IN THE HIGH COURT OF ZIMBABWE
BULAWAYO 30 AUGUST 2007
NDOU J: The matter was referred for review very late with a memorandum in the following terms:
“The above stated case was sentenced on the 16.01.07 and the presiding magistrate was Mrs M Siti. After sentencing the relatives intended to appeal on behalf of the accused. The Attorney-General’s office requested for the record and it was forwarded to the office on the 05.02.07. Therefore the record was not forwarded for review, the A.G’s office returned the record to us on 27th June 2007 and it has no reasons for sentence because the magistrate who presided over the case, Mrs M Rukoni Siti has since left service.”
The trial magistrate had a duty to give reasons – see S vMpofu HB-73-03 wherein CHEDAJ dealt with this issue and consequences of failure to give reasons for sentence. This is a case where community service should also have been seriously considered as the sentence was below 24 months – S v Majaya HB-15-03 and S v Shariwa HB-37-03.
In the light of these serious misdirections the best that can be done is to set aside the sentence and look at the facts of the case and what accused said in mitigation and determine the appropriate sentence.
The accused has been serving the sentence from 16 January 2007. The accused was convicted of malicious injury to property as defined in section 140 of the Criminal Law Codification and Reform Act [Chapter 9:23]. The accused had an extra-marital affair with the complainant’s husband. The accused called the
complainant’s husband at 0300 hours. The complainant answered the phone and started insulting the accused [presumably for calling her husband at that hour]. The accused told the complainant that she was coming to her place. True to her word, the accused proceeded to the complainant’s residence and threw stones at her residence resulting in the breaking four window panes and a windscreen. The damage was valued at $1 800 000,00. She pleaded guilty. She said in mitigation that she is a single parent of one four year old child. She is a hair dresser realising $8 000,00 per day. She said she had $500 000,00 in savings and $20 000,00 at home. She said that she committed the offence because the complainant insulted her over the phone. She is a firs offender. The aggravating features are that she went to the complainant’s home to commit the offence and the value is high.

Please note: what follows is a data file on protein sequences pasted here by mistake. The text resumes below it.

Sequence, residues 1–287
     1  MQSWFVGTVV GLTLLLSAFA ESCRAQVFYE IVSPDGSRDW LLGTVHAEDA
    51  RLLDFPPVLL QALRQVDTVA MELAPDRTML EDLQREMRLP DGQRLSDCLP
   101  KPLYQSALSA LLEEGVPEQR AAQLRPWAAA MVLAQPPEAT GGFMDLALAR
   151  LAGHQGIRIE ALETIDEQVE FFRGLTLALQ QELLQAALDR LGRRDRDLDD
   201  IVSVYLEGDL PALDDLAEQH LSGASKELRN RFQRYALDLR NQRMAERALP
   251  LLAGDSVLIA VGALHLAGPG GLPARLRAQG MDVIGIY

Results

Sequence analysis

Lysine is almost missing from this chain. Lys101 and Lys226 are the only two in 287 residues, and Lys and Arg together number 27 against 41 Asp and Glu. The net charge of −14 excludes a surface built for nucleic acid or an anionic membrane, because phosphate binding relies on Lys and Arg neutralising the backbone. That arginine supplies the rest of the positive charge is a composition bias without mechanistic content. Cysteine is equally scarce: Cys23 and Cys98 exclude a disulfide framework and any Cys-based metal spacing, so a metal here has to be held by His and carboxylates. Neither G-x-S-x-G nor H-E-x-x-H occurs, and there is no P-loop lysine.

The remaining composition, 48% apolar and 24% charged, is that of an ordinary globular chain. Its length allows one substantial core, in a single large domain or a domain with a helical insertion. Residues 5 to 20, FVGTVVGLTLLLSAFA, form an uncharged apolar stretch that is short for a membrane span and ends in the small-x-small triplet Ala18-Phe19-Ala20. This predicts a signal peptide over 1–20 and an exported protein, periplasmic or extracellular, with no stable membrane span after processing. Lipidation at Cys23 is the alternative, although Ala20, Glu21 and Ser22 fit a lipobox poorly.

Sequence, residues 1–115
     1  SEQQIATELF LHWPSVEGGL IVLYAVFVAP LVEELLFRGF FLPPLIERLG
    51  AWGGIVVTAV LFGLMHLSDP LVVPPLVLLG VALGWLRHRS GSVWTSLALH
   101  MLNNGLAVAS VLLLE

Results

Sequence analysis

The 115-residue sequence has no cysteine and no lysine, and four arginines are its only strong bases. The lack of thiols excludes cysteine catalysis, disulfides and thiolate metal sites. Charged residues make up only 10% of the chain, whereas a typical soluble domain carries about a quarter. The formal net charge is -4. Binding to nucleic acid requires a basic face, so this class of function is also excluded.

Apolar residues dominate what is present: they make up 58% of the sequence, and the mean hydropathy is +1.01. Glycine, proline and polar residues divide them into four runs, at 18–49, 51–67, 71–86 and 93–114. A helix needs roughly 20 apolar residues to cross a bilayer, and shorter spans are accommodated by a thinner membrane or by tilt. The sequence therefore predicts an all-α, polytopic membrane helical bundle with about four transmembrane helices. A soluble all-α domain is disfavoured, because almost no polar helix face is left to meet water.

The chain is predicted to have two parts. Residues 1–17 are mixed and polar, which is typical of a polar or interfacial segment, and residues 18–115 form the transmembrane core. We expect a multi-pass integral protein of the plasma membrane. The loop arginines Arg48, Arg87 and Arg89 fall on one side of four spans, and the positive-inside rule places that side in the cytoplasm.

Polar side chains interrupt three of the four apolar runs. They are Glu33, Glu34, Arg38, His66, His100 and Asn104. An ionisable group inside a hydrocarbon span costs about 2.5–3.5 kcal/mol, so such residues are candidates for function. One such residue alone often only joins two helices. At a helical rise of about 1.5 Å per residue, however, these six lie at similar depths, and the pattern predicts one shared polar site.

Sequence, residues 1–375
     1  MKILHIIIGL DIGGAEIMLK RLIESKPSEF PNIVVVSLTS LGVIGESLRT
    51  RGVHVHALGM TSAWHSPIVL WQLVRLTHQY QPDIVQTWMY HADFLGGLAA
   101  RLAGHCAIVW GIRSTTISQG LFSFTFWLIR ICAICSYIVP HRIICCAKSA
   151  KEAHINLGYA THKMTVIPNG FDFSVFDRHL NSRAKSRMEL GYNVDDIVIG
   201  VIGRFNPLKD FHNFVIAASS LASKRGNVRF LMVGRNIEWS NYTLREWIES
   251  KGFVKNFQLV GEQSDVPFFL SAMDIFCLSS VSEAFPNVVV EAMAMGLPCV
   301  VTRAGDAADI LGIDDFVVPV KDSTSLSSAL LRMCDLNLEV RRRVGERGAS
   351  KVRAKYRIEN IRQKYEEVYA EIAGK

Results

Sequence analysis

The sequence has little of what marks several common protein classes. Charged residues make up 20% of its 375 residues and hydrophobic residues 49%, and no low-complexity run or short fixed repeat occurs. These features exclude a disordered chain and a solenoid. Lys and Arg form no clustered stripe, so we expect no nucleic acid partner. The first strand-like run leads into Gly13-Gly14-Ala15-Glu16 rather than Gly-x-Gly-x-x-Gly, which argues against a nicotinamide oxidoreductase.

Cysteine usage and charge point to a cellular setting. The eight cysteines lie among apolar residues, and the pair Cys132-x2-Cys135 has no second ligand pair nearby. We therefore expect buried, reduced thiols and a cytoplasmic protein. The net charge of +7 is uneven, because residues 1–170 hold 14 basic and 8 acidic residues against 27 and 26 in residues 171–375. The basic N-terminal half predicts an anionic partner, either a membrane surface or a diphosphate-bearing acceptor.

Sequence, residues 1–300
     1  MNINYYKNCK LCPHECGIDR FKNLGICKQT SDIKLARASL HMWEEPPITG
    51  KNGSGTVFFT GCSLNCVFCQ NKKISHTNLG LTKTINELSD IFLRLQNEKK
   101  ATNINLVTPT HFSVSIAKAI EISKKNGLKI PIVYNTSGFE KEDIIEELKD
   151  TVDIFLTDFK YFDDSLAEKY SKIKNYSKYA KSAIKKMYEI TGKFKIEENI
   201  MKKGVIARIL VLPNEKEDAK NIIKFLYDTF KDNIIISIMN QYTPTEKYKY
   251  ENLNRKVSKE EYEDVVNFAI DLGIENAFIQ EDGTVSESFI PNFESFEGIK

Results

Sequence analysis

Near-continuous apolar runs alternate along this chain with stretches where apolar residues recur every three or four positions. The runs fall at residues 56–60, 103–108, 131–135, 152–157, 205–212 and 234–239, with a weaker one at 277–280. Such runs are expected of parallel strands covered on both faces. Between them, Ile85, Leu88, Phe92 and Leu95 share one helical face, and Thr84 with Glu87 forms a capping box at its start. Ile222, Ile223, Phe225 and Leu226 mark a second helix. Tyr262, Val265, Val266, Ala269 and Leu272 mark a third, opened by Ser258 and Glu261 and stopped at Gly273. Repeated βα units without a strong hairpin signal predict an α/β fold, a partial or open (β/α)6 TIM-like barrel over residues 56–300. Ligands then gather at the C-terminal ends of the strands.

In the Majaya case, supra, CHEDAJ admirably highlighted that sentencing policy has dramatically changed and that judicial officers should first explore non-custodial forms of sentence before imposing imprisonment, which is a rigorous punishment that should be resorted to only in he absence of any non-custodial form of sentence. I also emphasised this point in the Shariwa case, supra. It is trite that community service should be considered in all cases warranting effective imprisonment of 24 months or less. The imposition of the prison sentence in casu, per se, cannot be faulted. It is the failure to consider community service that constitutes the misdirection – S v Manyevere HB-38-03 and S v Dangaremba HH-123-03. Because of the delay, the option of community service is no longer feasible. The accused has almost served her sentence by now. She would be out by now if she paid compensation.
Accordingly, the conviction is confirmed. The sentence imposed by the trial magistrate on 16 January 2007 is set aside and substituted as follows:
“12 months imprisonment of which 8 months is suspended on the following conditions: (a) 4 months suspended for 3 years on condition the accused does not within that period commit any offence involving malicious injury to property and for which she is convicted and sentenced to imprisonment without he option of a fine, and, (b) 4 months on condition the accused pays restitution to the complainant through the Clerk of Court Magistrates’ Court before 17 August 2007.”
As the accused has served the effective sentence she is entitled to immediate release if she is still in prison.
Cheda J ………………………………… I agree